Take the 2-minute tour ×
Stack Overflow is a question and answer site for professional and enthusiast programmers. It's 100% free, no registration required.

I'm printing my exceptions to a log file currently with:

    # coode in here
except Exception, e:

Could I be printing more information about the exception and the code that generated it than just the exception string. Things like line number, stack traces would be great?


share|improve this question

5 Answers 5

up vote 91 down vote accepted

I think logger.exception does that.

For example:

import logging
except Exception, e:
    logging.exception(e) # or pass an error message, see comment
share|improve this answer
You don't even have to pass the exception in explicitly - you can pass in whatever message you want, and logging.exception will grab the exception details (including the traceback) from the current frame. –  ncoghlan Mar 4 '11 at 12:55
Oh nice, I didn't know that. –  SiggyF Mar 4 '11 at 14:23
The exception method simply calls error(message, exc_info=1). As soon as you pass exc_info to any of the logging methods from an exception context, you will get a traceback. –  Helmut Grohne Jun 25 '13 at 18:46
@ncoghlan, you should make your comment into an answer –  James McMahon Jun 28 '13 at 0:24
Be aware that in Python 3 you must call the logging.exception method just inside the "except" part. If you call this method in an arbitrary place you may get a bizarre exception. The docs alert about that. –  Paulo Cheque Aug 13 '13 at 15:00

Traceback objects represent a stack trace of an exception. A traceback object is created when an exception occurs. When the search for an exception handler unwinds the execution stack, at each unwound level a traceback object is inserted in front of the current traceback. When an exception handler is entered, the stack trace is made available to the program. (See section The try statement.) It is accessible as sys.exc_traceback, and also as the third item of the tuple returned by sys.exc_info(). The latter is the preferred interface, since it works correctly when the program is using multiple threads. When the program contains no suitable handler, the stack trace is written (nicely formatted) to the standard error stream; if the interpreter is interactive, it is also made available to the user as sys.last_traceback.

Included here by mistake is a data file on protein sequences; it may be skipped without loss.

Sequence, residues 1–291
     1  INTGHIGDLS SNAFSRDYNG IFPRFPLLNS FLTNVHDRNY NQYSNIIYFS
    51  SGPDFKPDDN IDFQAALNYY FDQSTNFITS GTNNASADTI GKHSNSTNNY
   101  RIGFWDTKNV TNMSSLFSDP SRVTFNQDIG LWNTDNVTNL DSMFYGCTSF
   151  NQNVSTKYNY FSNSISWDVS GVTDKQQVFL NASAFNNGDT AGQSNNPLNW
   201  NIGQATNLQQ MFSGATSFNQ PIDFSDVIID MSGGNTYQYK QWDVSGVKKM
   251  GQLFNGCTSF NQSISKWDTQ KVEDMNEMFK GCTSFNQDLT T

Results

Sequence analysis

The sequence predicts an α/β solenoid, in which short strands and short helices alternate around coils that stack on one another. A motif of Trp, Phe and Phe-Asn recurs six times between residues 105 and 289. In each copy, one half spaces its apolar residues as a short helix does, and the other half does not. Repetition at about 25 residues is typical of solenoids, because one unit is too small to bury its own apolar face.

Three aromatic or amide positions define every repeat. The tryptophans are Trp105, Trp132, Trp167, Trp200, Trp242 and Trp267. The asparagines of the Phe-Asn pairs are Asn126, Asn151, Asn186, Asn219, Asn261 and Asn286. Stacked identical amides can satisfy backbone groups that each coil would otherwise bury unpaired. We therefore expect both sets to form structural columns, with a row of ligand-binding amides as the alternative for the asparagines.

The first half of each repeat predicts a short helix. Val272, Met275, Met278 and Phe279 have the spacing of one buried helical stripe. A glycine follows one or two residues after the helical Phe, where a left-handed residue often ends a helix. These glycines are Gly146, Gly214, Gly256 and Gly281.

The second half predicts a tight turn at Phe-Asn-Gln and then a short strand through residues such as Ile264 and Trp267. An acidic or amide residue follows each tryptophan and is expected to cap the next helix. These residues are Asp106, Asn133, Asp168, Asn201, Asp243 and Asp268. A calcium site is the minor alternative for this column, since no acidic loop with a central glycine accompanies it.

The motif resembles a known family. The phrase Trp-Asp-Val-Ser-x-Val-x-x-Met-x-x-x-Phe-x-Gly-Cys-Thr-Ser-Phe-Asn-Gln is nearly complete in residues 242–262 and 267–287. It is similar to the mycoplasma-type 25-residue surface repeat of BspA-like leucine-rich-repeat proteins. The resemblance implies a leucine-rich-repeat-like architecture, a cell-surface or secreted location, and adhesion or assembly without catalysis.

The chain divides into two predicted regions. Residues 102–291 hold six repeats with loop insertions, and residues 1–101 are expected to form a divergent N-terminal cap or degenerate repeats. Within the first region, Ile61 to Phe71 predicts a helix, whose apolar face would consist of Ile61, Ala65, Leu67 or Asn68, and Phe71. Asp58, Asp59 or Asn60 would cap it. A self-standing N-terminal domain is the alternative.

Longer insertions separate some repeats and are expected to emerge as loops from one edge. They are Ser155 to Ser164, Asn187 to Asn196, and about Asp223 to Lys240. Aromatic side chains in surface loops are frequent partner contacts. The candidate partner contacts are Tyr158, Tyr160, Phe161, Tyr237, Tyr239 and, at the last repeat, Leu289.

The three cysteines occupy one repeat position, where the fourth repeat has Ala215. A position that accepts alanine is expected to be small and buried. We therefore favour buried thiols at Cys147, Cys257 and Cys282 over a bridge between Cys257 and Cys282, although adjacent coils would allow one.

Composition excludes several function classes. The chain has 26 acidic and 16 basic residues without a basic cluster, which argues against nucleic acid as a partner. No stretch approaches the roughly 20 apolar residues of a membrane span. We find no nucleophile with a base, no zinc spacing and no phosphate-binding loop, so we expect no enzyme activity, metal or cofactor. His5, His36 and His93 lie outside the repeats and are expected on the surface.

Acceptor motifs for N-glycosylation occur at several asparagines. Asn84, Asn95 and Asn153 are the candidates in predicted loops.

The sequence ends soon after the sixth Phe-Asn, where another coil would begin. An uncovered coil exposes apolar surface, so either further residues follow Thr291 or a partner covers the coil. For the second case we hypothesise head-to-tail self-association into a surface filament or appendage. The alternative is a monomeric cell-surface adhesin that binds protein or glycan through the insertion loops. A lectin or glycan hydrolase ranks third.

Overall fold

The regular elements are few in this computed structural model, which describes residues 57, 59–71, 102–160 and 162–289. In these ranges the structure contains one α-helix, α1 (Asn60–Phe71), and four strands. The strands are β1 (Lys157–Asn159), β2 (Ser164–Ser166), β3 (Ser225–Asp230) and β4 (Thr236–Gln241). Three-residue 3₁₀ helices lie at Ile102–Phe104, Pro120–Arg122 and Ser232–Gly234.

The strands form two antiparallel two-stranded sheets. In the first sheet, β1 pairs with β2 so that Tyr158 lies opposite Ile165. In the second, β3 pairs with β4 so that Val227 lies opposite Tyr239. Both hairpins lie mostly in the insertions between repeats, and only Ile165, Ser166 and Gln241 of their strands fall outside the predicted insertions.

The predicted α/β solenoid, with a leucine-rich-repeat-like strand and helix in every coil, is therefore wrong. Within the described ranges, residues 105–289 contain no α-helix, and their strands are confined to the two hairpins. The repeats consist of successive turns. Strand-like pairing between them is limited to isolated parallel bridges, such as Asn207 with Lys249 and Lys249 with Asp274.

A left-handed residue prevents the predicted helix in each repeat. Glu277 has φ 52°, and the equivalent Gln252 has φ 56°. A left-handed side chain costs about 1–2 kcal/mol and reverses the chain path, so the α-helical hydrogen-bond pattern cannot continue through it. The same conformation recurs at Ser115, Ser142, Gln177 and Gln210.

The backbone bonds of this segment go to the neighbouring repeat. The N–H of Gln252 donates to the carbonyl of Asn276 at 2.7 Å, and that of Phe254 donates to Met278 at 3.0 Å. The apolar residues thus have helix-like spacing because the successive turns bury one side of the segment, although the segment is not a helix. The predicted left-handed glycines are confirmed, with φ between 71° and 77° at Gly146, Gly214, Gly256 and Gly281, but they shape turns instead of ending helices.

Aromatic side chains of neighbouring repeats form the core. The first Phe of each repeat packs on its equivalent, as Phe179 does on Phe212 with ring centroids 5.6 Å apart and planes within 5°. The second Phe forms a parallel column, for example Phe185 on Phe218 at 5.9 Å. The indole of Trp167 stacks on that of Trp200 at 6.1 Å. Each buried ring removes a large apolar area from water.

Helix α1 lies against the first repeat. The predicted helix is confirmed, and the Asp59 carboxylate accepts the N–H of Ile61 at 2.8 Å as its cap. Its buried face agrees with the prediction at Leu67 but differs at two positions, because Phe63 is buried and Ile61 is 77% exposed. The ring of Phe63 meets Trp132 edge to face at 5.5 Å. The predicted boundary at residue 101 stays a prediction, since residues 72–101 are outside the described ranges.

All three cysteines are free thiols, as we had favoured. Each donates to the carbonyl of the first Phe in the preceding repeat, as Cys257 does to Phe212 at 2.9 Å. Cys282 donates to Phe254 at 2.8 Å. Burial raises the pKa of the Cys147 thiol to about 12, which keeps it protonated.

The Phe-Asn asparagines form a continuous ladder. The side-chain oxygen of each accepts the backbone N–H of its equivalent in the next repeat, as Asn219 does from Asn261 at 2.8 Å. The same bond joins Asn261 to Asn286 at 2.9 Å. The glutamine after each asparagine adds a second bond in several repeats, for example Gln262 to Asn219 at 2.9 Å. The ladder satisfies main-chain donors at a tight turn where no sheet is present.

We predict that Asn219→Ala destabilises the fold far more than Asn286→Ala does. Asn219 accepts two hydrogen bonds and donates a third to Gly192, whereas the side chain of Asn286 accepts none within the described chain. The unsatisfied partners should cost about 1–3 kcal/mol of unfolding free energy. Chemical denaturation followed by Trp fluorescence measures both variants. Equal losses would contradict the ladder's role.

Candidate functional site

for more,reference the site : http://docs.python.org/library/sys.html

share|improve this answer

If you can cope with the extra dependency then use twisted.log, you don't have to explicitly log errors and also it returns the entire traceback and time to the file or stream.

share|improve this answer

A clean way to do it is using format_exc() and then parse the output to get the relevant part:

from traceback import format_exc

except Exception:
    print 'the relevant part is: '+format_exc().split('\n')[-2]


share|improve this answer

One nice thing about logging.exception that DiggyF's answer doesn't show is that you can pass in an arbitrary message, and logging will still show the full traceback with all the exception details:

import logging
except Exception:
    logging.exception("Deliberate divide by zero traceback")

With the default (in recent versions) logging behaviour of just printing errors to sys.stderr, it looks like this:

>>> import logging
>>> try:
...     1/0
... except Exception:
...     logging.exception("Deliberate divide by zero traceback")
ERROR:root:Deliberate divide by zero traceback
Traceback (most recent call last):
  File "<stdin>", line 2, in <module>
ZeroDivisionError: integer division or modulo by zero
share|improve this answer

Your Answer


By posting your answer, you agree to the privacy policy and terms of service.

Not the answer you're looking for? Browse other questions tagged or ask your own question.